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Am J Public Health. 2010 Apr;100(4):756-61. doi: 10.2105/AJPH.2008.154591. Epub 2009 Sep 17.

Medication prescribing practices for older prisoners in the Texas prison system.

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  • 1Department of Medicine, University of California, San Francisco, CA, USA.



We sought to assess appropriateness of medication prescribing for older Texas prisoners.


In this 12-month cross-sectional study of 13 117 prisoners (aged > or = 55 years), we assessed medication use with Zhan criteria and compared our results to prior studies of community prescribing. We assessed use of indicated medications with 6 Assessing Care of Vulnerable Elders indicators.


Inappropriate medications were prescribed to a third of older prisoners; half of inappropriate use was attributable to over-the-counter antihistamines. When these antihistamines were excluded, inappropriate use dropped to 14% (> or = 55 years) and 17% (> or = 65 years), equivalent to rates in a Department of Veterans Affairs study (17%) and lower than rates in a health maintenance organization study (26%). Median rate of indicated medication use for the 6 indicators was 80% (range = 12%-95%); gastrointestinal prophylaxis for patients on nonsteroidal anti-inflammatories at high risk for gastrointestinal bleed constituted the lowest rate.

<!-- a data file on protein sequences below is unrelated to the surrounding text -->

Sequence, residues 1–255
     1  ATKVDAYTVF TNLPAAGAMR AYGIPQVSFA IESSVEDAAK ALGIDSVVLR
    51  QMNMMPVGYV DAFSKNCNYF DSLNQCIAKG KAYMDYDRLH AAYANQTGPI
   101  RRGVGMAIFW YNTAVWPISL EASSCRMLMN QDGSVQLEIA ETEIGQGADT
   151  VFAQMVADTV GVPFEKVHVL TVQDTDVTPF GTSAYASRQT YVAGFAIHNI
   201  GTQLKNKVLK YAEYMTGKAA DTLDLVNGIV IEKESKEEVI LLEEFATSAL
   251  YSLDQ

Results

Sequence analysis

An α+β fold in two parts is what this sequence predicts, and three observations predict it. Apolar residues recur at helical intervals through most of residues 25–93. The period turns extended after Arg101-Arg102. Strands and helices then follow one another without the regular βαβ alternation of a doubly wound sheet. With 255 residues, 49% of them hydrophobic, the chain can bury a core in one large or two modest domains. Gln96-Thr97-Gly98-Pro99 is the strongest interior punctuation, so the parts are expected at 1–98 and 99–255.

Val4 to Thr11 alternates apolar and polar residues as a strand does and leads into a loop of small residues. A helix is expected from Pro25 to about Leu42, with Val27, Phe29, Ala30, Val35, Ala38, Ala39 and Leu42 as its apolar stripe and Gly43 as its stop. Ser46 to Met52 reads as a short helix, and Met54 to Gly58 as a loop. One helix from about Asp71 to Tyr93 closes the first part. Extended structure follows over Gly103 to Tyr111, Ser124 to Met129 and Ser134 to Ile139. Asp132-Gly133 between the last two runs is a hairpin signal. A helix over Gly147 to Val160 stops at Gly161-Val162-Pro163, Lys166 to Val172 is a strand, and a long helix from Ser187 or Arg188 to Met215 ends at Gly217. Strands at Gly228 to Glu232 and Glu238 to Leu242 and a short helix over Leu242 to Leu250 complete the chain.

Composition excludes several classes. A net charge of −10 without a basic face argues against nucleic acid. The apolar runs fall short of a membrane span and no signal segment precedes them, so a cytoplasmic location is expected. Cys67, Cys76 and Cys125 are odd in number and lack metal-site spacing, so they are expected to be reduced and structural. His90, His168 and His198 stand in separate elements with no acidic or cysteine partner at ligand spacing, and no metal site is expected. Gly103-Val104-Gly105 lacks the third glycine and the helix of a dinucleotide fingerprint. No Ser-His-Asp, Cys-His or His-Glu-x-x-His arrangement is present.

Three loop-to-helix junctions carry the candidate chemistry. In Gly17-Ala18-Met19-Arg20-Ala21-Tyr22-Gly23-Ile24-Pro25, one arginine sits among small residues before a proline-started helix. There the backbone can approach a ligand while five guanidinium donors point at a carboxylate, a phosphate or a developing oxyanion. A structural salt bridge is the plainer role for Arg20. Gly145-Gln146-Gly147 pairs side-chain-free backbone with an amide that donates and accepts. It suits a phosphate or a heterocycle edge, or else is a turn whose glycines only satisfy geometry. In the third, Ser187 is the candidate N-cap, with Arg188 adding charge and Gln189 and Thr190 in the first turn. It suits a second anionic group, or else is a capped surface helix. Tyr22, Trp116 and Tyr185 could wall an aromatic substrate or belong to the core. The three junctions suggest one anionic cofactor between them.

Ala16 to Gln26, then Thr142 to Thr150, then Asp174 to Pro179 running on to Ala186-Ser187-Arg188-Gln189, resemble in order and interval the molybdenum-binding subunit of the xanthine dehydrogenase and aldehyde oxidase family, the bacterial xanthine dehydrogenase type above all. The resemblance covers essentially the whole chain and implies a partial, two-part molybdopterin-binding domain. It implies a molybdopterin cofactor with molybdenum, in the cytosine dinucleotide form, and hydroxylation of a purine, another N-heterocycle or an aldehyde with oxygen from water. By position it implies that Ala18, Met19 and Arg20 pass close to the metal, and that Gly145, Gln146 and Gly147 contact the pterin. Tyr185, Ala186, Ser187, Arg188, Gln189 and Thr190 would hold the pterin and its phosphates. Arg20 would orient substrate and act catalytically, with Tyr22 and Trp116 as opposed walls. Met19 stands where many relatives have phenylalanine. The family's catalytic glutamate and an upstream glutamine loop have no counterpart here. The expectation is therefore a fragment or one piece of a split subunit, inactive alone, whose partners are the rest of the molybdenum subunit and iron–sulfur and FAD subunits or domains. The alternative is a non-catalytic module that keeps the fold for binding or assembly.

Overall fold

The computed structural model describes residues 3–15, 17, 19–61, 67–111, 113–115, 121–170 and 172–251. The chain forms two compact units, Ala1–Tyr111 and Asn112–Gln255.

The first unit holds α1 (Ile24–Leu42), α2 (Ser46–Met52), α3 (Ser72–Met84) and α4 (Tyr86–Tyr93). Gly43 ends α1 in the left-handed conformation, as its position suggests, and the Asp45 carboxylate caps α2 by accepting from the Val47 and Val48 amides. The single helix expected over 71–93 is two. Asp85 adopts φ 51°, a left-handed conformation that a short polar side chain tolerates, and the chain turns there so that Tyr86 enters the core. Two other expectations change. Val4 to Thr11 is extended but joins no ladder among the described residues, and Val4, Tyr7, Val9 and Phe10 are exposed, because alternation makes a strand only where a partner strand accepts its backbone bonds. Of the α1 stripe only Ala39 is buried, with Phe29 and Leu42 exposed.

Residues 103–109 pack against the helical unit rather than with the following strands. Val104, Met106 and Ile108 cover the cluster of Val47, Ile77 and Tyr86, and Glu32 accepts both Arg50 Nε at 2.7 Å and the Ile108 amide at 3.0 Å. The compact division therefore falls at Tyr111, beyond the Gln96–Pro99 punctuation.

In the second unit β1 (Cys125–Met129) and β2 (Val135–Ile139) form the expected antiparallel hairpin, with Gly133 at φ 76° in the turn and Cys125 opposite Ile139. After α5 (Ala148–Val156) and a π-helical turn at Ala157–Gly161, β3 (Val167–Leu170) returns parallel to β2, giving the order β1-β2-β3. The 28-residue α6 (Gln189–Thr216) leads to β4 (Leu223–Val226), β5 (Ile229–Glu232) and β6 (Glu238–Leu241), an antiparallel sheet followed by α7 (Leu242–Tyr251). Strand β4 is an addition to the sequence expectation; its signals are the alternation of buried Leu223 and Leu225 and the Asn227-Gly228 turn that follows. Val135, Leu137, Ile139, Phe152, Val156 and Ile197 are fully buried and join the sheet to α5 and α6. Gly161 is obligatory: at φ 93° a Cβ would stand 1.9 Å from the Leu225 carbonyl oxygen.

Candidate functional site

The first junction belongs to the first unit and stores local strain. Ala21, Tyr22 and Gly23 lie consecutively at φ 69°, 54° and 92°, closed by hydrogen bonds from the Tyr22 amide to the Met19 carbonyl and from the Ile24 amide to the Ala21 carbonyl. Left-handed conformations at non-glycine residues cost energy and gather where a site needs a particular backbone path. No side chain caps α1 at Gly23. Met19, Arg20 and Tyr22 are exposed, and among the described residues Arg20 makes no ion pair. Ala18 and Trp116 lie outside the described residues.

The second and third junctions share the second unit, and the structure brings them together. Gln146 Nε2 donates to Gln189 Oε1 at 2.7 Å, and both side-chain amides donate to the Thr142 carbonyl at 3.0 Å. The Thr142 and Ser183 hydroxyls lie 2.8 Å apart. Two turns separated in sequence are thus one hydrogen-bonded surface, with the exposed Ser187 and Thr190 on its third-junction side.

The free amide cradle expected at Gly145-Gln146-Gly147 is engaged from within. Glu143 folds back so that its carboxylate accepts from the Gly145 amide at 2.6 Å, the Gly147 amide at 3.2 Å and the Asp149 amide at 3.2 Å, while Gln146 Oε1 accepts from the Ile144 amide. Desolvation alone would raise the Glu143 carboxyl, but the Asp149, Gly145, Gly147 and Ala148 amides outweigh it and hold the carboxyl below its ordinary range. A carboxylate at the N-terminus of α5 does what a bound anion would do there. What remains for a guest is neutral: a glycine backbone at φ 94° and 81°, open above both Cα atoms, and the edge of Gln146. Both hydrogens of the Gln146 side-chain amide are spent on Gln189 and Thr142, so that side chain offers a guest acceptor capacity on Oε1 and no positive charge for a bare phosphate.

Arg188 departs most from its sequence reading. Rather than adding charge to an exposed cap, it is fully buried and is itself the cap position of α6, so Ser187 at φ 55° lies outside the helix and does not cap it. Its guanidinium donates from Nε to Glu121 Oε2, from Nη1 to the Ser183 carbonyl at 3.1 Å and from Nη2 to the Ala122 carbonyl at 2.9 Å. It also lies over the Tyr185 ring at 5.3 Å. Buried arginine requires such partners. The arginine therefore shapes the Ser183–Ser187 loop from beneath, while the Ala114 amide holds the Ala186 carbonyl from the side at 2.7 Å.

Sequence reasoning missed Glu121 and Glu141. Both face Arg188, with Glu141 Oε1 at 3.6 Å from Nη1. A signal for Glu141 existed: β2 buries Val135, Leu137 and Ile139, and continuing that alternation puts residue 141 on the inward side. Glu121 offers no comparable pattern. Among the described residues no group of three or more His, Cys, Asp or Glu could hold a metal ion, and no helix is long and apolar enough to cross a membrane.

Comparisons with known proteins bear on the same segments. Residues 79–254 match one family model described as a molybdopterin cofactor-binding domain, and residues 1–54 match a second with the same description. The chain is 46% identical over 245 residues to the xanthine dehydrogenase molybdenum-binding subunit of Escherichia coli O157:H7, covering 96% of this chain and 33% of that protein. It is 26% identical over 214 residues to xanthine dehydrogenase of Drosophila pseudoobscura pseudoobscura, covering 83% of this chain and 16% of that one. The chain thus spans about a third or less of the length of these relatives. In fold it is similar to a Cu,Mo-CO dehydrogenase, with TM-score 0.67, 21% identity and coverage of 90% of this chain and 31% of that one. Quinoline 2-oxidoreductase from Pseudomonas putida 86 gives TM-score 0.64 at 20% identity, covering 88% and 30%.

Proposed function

Medication prescribing for older prisoners in Texas was similar to that for older community adults. However, overuse of antihistamines and underuse of gastrointestinal prophylaxis suggests a need for education of prison health care providers in appropriate prescribing practices for older adults.

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